Kudos to Daniel Handler aka Lemony Snicket for writing in the voice of a girl. Somewhere I need to start keeping a list of authors who write in the other gender. It intrigues me.
"...and Ed, the thing with your heart's desire is that your heart doesn't even know what it desires until it turns up. Like a tie at a tag sale, some perfect thing in a crate of nothing, you were just there, uninvited, and now suddenly the party was over and you were all I wanted, the best gift."
"And then the third night [of lighting matches] was after we broke up, which was worth a million matches but instead just took all I had."
"I was stupid, the official descriptive phrase for happy."
p. 80-82 description of school -- whoa
"Oh, wherever it works, Ed, I thought with your hand on my hip and the not-fitting coin in my pocket. Wherever it's good, whatever strange faraway land, let's go there, let's stay in that place alone."
"...there was something wrong with the picture I was in. It was like an apple running for Congress, a bike rack wearing a bathing suit. I was cut and pasted wrong into a background you could immediately -- or, anyway, after fifteen minutes -- see didn't match up, was how I felt."
"'Okaaay,' Jillian said, with that weird curve she uses in her voice sometimes, airy but spiky like a bug-eating plant."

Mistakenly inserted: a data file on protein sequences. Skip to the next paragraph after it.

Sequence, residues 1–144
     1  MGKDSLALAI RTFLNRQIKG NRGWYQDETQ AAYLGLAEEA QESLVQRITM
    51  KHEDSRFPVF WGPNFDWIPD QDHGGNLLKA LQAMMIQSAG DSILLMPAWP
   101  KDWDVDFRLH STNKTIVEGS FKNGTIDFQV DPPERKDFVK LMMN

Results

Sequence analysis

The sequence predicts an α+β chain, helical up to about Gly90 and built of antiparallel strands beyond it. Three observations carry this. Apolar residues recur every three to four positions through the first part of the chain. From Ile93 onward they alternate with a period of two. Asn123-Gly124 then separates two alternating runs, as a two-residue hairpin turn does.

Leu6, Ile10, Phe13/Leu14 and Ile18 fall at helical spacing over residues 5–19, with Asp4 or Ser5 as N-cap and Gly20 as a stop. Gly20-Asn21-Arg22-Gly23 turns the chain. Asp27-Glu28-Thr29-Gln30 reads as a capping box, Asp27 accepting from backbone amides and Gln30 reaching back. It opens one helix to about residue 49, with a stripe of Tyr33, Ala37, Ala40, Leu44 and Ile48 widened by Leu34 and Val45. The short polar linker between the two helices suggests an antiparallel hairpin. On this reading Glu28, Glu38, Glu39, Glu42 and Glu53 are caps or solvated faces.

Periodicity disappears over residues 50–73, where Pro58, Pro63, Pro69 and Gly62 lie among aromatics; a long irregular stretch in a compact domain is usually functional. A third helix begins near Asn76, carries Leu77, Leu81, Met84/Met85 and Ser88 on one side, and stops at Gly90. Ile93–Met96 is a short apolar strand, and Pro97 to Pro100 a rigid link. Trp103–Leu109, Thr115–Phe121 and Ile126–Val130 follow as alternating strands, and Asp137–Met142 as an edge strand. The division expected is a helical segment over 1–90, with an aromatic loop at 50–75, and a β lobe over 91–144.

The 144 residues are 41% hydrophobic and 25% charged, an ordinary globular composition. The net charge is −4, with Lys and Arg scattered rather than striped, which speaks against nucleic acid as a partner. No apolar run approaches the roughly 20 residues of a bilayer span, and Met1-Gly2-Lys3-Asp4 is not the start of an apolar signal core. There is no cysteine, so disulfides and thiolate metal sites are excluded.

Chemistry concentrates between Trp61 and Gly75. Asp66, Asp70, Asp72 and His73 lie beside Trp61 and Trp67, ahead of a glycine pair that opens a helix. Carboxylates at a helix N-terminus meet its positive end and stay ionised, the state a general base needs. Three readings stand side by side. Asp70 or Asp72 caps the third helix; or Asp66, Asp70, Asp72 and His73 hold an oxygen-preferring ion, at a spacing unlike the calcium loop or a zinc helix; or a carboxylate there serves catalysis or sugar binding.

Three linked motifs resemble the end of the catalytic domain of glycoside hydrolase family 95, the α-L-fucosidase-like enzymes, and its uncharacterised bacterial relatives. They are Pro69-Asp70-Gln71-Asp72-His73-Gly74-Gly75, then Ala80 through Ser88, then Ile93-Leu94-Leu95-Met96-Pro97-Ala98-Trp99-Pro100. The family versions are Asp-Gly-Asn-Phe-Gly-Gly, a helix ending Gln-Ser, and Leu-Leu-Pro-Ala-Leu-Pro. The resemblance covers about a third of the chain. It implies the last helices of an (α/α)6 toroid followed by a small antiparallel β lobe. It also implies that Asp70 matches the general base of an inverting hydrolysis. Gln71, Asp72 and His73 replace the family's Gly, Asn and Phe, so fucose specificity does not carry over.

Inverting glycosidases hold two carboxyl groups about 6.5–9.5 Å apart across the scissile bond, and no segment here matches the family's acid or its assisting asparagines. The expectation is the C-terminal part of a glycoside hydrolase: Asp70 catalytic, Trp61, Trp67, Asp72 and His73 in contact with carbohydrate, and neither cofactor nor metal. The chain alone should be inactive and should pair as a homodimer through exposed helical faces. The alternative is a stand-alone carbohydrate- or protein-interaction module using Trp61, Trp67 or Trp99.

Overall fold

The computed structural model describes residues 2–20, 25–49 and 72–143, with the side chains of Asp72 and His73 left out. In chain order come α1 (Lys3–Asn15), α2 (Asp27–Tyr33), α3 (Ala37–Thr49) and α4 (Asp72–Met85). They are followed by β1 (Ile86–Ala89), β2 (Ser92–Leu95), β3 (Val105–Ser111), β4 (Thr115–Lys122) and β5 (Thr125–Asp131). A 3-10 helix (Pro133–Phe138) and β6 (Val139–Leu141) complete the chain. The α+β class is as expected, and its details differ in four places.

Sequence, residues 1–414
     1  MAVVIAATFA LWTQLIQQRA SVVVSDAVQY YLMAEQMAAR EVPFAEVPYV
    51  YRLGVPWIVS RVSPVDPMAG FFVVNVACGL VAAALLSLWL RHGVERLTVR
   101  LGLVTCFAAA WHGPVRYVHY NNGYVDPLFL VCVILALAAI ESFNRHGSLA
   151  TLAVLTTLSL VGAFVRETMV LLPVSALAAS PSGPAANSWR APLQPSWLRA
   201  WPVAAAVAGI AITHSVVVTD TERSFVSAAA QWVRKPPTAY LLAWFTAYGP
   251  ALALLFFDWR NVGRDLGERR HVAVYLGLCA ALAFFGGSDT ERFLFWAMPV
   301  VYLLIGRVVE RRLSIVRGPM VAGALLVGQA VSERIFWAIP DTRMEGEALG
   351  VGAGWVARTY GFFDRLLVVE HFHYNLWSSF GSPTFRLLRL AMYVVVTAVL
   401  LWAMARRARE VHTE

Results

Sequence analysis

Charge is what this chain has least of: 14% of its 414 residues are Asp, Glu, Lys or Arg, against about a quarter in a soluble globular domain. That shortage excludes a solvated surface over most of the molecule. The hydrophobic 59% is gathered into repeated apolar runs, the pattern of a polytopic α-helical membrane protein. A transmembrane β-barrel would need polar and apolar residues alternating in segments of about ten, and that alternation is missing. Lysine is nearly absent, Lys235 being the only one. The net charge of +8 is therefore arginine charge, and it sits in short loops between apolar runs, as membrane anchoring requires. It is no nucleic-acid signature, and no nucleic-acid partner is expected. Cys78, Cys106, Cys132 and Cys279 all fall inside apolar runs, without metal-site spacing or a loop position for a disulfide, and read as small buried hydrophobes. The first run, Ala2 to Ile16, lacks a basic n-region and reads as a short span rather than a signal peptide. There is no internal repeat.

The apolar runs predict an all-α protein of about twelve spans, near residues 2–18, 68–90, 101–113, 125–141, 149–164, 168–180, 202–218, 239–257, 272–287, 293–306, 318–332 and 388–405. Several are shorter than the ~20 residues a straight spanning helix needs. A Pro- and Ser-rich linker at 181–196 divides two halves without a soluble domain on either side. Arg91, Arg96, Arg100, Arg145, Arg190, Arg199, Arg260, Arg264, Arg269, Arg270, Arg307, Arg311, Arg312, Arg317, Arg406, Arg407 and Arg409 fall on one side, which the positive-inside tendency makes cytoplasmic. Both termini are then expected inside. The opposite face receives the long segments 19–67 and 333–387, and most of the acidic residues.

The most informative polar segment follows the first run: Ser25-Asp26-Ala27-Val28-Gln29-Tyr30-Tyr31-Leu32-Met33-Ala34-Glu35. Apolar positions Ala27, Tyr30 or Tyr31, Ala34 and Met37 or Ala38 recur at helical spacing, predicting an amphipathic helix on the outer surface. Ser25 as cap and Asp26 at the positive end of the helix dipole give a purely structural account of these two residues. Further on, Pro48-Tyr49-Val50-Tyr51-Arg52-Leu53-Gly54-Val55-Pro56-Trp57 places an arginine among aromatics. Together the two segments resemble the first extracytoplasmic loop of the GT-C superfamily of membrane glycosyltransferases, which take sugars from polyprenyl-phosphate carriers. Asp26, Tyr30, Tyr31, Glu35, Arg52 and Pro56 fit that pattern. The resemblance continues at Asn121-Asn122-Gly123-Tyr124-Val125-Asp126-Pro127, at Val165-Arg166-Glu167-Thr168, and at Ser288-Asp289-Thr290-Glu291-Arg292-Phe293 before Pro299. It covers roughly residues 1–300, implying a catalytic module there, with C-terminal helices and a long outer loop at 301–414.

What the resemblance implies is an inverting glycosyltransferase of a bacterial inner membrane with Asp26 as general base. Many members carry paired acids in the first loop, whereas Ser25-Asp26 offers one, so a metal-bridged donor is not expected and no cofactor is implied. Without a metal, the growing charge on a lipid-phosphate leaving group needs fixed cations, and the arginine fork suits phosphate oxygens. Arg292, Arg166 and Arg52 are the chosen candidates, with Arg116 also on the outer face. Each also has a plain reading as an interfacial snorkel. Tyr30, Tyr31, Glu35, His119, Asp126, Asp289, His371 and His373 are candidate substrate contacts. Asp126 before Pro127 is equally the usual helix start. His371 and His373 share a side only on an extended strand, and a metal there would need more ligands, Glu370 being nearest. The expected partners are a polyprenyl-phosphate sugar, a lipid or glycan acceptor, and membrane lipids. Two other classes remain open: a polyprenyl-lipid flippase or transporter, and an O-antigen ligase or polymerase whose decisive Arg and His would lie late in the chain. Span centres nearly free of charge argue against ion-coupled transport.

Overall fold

"...when I close this book to give it to you, I don't think about that, just us holding the book in our hands to buy it and take it here with us, because damn it Ed, that's not why we broke up. I love it, I miss it, I hate to give it back to you, this complicated thing, it's why we stayed together."
"'It tastes like somebody killed a spicy fig.'"
"Al said that one should have been called Are You in a Good Mood? We'll Fix That: The Movie."
"The chicken is saying pretty much the short version of this whole letter to you: ?#!* Ouch!"
"How wrong to think I was anyone else, like thinking grass stains make you a beautiful view, like getting kissed makes you kissable, like feeling warm makes you coffee, like liking movies makes you a director. How utterly incorrect to think it any other way, a box of crap is treasures, a boy smiling means it, a gentle moment is a life improved. It's not, it isn't, catastrophic to think so, a pudgy toddler in a living room dreaming of ballerinas, a girl in bed star-eyed over Never by Candlelight, a nut thinking she is loved following a stranger in the street."
Somewhere on the internets, I read that this was an amazing book, the latest by a contemporary photographer. Just from looking at the photos here, I lSomewhere on the internets, I read that this was an amazing book, the latest by a contemporary photographer. Just from looking at the photos here, I love Rinko Kawauchi's sense of light and color. I like how the photos are presented with a white border, no text, and a dialogue between the two on facing pages. There is also an unusual binding style (Mandy Knapp, you may know about this), in which the bound pages are folded on the outer edges (making a double page) and the spine of these pages is not attached to the hard cover. The Goodreads description calls this "Japanese binding."